Qaddafi as controversial in life as in death

by Claude Salhani

Long-time Libyan strongman Muammar Qaddafi was a controversial character throughout his long rule of the oil-rich North African country.

Like many dictators, he managed his country’s revenues erratically while the economy and many of his people struggled to get by. Personal whim and illusions of imperial grandeur determined his major foreign policy decisions.

He had particular ambitions in Africa where he anointed himself “King of Kings.” Bribes to African leaders helped him get his way in the continent. At home, no dissent was tolerated and Libyan prisons were packed with political opponents and anyone even hinting at disagreement with the dictator.

During his reign, Qaddafi alienated friends and foes alike. His far more powerful next-door neighbour, Egyptian President Anwar Sadat, referred to Qaddafi as “That mad boy from Libya.”

Eight years after his death, Qaddafi continues to be controversial. The reason for his brutal ousting from power remains as controversial as anything related to Qaddafi while he was alive.

In this era of so-called “fake news” that has become a favourite tool of people trying to discredit their political opponents, one must tread carefully.

With that in mind, consider a report stating that Qaddafi was killed at the behest of Western countries because he was planning to supplant France as the dominant power in the Francophone Africa region.

I don’t buy into this argument for two reasons: First, to be a leader in Francophone Africa one needs to be capable of conversing in French. That is hardly the case with Libya. Second, quite a few African countries had experience dealing with Qaddafi and, to put it mildly, they did not cherish the experience.

Now, declassified e-mails claim Qaddafi was killed because France wanted to maintain its financial stranglehold on African Nations.

NATO forces participated in Qaddafi’s overthrow, that is clear enough. What is cloudy, however, is why Western European powers were so eager to remove the Libyan leader from power.

The overthrow was seemingly not for the protection of the Libyan people but, allegedly, to thwart Qaddafi’s attempt to create a gold-backed African currency to compete with the Western central banking monopoly.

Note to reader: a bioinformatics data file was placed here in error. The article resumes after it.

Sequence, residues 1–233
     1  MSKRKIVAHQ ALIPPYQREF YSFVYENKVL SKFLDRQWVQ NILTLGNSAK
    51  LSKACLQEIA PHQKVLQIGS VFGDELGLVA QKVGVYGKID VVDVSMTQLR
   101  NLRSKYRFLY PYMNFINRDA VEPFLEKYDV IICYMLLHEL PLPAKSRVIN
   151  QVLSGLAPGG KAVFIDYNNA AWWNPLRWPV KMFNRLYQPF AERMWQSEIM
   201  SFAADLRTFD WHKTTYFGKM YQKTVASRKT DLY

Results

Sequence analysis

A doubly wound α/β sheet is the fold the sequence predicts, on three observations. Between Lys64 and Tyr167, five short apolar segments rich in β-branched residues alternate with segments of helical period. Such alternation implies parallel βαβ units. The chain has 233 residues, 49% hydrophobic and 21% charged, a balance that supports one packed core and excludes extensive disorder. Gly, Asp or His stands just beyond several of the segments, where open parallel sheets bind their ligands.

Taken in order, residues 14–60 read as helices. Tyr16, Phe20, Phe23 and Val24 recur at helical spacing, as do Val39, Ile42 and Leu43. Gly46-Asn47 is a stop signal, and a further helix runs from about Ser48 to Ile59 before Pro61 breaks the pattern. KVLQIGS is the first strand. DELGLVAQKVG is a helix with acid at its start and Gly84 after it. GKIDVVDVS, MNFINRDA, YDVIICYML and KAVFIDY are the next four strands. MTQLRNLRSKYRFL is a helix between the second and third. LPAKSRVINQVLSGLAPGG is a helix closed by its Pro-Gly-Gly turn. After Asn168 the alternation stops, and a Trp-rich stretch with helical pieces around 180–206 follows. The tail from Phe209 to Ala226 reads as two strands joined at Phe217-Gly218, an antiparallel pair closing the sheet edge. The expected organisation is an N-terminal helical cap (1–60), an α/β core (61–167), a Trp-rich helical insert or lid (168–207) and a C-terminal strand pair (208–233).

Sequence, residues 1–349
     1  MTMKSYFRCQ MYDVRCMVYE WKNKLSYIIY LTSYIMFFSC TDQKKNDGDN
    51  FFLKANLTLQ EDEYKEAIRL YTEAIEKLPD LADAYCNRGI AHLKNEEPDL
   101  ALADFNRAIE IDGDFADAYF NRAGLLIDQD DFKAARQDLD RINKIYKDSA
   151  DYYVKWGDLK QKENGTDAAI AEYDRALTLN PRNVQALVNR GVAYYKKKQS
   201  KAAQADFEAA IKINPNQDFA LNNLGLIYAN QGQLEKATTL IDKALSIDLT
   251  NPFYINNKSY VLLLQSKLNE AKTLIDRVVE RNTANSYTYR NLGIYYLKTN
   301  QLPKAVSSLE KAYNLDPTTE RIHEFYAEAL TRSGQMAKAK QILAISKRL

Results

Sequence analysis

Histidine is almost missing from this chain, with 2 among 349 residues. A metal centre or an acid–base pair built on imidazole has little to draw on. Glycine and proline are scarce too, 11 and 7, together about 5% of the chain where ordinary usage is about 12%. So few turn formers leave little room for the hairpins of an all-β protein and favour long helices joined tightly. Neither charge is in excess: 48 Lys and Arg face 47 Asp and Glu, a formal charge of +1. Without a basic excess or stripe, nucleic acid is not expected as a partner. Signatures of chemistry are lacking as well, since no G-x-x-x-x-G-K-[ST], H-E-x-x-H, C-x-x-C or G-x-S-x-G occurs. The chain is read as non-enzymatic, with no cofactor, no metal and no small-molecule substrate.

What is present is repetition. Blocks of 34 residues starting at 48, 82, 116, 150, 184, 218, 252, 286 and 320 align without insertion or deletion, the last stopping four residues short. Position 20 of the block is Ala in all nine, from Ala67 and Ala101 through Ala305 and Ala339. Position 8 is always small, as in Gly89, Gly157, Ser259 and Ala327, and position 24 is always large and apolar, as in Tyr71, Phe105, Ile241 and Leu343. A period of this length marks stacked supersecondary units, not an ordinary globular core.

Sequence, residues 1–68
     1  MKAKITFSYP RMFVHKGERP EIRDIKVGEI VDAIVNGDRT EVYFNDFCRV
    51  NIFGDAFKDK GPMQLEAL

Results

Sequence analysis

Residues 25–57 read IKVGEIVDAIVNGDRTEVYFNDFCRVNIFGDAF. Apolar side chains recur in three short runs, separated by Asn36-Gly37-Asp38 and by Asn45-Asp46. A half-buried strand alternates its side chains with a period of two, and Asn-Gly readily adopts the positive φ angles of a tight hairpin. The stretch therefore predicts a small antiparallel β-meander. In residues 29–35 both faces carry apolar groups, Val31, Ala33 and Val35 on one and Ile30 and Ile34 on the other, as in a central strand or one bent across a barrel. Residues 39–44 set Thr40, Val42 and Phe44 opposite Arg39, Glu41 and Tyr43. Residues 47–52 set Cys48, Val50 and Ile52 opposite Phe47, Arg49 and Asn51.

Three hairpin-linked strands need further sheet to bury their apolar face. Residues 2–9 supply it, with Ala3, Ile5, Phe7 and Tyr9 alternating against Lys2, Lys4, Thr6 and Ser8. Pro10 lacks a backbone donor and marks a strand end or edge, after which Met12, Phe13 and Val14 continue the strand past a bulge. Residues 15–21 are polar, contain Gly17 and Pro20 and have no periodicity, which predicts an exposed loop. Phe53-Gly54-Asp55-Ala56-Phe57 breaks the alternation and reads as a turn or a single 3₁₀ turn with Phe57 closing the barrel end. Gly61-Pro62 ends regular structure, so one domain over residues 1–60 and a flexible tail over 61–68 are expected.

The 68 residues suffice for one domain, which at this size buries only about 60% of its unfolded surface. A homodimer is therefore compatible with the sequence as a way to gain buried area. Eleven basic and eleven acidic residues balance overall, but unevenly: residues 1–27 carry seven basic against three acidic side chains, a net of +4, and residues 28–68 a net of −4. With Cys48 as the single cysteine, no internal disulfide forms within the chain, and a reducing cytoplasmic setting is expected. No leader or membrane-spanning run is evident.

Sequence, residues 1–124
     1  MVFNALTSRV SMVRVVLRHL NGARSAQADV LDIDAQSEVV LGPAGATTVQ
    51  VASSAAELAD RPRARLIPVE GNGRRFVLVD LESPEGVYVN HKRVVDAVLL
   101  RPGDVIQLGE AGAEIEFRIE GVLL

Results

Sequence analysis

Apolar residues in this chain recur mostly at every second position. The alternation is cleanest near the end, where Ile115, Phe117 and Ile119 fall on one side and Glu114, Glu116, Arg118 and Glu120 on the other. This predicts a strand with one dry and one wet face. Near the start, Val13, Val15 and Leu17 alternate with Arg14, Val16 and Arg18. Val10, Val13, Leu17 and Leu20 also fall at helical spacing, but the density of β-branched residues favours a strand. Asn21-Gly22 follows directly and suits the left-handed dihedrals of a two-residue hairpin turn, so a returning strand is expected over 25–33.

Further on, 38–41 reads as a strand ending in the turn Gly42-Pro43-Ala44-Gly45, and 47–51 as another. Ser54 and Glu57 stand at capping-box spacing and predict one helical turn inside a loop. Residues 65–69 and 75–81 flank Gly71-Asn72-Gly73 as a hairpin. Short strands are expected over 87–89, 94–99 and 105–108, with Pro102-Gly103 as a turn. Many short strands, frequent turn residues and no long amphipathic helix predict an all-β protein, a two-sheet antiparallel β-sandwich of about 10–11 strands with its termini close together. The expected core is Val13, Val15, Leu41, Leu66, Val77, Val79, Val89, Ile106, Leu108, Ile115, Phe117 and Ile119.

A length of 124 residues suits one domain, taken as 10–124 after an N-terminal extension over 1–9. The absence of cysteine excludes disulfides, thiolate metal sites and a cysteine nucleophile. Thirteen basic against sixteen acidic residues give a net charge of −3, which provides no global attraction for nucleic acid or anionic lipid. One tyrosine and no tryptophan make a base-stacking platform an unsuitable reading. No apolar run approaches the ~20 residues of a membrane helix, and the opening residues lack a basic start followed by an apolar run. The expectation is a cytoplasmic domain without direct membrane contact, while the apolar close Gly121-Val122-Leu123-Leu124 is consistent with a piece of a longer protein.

The report states that an e-mail sent in April 2011 to US Secretary of State Hillary Clinton by long-time Clinton confidant Sidney Blumenthal with the subject line “France’s client and Qaddafi’s gold” reveals predatory Western intentions.

The message indicates the French-led NATO military initiative in Libya was driven by a desire to gain access to a greater share of Libyan oil production and to undermine a long-term plan by Qaddafi to supplant France as the dominant power in the Francophone Africa region.

Foreign Policy reports that the e-mail identified French President Nicolas Sarkozy as leading the attack on Libya with specific purposes in mind: to obtain Libyan oil, ensure French influence in the region, increase Sarkozy’s reputation domestically, assert French military power and prevent Qaddafi’s influence in what is considered “Francophone Africa.”

Most astounding is a lengthy section delineating the threat that Qaddafi’s precious metal reserves, estimated at “143 tonnes of gold, and a similar amount in silver,” posed to the French franc circulating as a prime African currency.

The e-mail makes clear that intelligence sources indicate the impetus behind the French attack on Libya was a calculated move to consolidate power, using NATO as a tool for imperialist conquest, not a humanitarian intervention as had been publicly stated.

Not included in the report is a rumour circulated at the time indicating that Sarkozy wanted Qaddafi because he did not want the Libyan leader standing trial in The Hague and revealing how much money he had contributed to Sarkozy’s re-election campaign.

He upset Libya’s Arab neighbours and US and Western European powers who tried to maintain good relations in order to access Libya’s oil. Also, like other dictators, he had a hard time realising that the people did not like him the way he imagined they did.

When the end came, Qaddafi had a hard time believing that a crowd gathered outside his palace was there to kill him.

Qaddafi was controversial in life and continues to be controversial in death. There have been many stories about how and why he was killed. As it was the case with his life, elements of truth in his death might remain shrouded forever in myth and fake news.

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